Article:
How many of you think Microsoft is an evil company?
Slightly more than half the hands in the room went up.
How many of you think Microsoft is NOT an evil company?
The other half of the hands in the room went up.
How many of you think General Mills is an evil company?
Now every face in the crowd game me a confused look.
I was a teaching assistant for a Computer Ethics class at Brigham Young University. This was several years ago before the rise of Google. The point of the question was to help the students realize that we tend to ascribe noble or evil motives to computer companies that we do not ascribe to non-technology companies.
BYU is located in Provo, UT. The people in that class, at least the locals, had more reason than most to hate Microsoft. Provo was the historical home of Novell Corporation. At one point Novell Netware was the most popular network software in the world. Microsoft nearly killed Novell. At least Novell still exists today, although as a much smaller company, now headquartered in Boston. WordPerfect Corporation was maker of the world’s most popular word processor. Microsoft put them out of business. You can still buy WordPerfect software from Corel Corporation. Microsoft did most of the damage, but WordPerfect contributed to its own demise.
The point was that thousands of IT workers in Utah lost their jobs as a result of losing a war with Microsoft. And that’s how people viewed it. (How I Became a Pawn In the War With Microsoft (And My Brother Got To Be A Knight)) Even today, People have a strong view of Microsoft and whether it is a “good” company or a “bad” company.
We can understand why the people in Utah think Microsoft is evil, but why do others around the country and world? Why is Microsoft viewed as evil and a company like General Mills is not considered evil or good at all? I think part of the reason has to do with the nature of a system with two choices. Before the rise of Linux, Microsoft and Apple were the only two viable choices for desktop computers and laptops. Often when there are two choices, people will develop strong opinions about one or the other. Coke vs Pepsi and Ford vs. Chevy come to mind. And of course Democrats and Republicans.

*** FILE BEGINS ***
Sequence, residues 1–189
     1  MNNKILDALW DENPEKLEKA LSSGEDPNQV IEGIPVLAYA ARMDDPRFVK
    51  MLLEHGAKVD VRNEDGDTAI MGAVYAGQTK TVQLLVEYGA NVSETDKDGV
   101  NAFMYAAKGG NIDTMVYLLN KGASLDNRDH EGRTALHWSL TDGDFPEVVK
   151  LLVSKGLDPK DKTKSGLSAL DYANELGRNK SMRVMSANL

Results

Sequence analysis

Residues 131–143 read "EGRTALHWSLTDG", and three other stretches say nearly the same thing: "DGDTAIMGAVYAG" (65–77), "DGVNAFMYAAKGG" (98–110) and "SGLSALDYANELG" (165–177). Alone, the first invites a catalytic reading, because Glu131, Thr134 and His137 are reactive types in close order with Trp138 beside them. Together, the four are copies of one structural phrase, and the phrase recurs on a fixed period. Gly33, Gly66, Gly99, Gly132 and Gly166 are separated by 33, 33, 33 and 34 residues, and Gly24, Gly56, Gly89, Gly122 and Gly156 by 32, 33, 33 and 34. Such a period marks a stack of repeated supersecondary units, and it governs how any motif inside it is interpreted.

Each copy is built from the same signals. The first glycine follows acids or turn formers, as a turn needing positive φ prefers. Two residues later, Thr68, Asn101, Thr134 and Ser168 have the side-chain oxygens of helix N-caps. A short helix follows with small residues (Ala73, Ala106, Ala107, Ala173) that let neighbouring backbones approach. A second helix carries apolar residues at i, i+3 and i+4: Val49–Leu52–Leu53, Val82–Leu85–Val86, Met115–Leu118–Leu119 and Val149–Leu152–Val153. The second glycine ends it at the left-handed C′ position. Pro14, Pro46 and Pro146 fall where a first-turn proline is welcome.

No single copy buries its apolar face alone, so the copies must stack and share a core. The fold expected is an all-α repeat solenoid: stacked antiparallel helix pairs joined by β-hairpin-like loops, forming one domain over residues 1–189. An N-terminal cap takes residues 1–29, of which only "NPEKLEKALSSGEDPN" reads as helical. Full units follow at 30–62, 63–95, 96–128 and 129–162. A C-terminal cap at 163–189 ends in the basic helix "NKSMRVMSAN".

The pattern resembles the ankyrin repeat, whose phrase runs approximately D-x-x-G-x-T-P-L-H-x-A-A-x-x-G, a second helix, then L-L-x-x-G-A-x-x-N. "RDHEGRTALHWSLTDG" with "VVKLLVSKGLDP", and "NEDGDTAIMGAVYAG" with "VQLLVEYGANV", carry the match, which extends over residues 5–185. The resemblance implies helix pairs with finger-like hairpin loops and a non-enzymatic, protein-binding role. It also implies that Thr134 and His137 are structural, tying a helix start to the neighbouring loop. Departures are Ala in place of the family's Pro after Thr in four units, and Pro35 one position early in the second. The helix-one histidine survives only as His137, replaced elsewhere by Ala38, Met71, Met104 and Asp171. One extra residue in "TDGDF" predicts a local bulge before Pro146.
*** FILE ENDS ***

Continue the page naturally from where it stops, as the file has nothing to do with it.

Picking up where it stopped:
What is ironic about the Microsoft/Apple rivalry was that the companies themselves were less passionate about the rivalry than the fans. In 1997, Steve Jobs was coming back to Apple, the iPod was still years away and Apple was on pace to lose a billion dollars. Microsoft ended up “investing” $150M into it’s rival. There are those who say that Microsoft was simply paying on a patent infringement suit, and that may be the case. But, having worked for Microsoft at the time, the feeling was that Microsoft needed Apple almost as much as Apple needed Microsoft. Bill Gates loved to be number one in whatever market he was in. However, being number 1 is less attractive if there is not a strong number 2.
Today, we’ve mostly moved on from the MAC/PC wars. Today it’s Google who is taking over the world, and like Microsoft before it, we could ask,
Is Google an evil company or a good company?
Ask a group of IT workers and you are likely to get similar mixed reactions like I got all those years ago in the class at BYU. And as we debate the morality of a computer company we are still left with the non-question regarding companies like General Mills.
In many years working in this field, I’m still not sure why we feel the need to vilify technology companies. Is it their power? Their size? The unique hold they have over our personal information?
I have to admit that I don’t know. What do you think?
Rodney M Bliss is an author, columnist and IT Consultant. He lives in Pleasant Grove, UT with his lovely wife and thirteen children.
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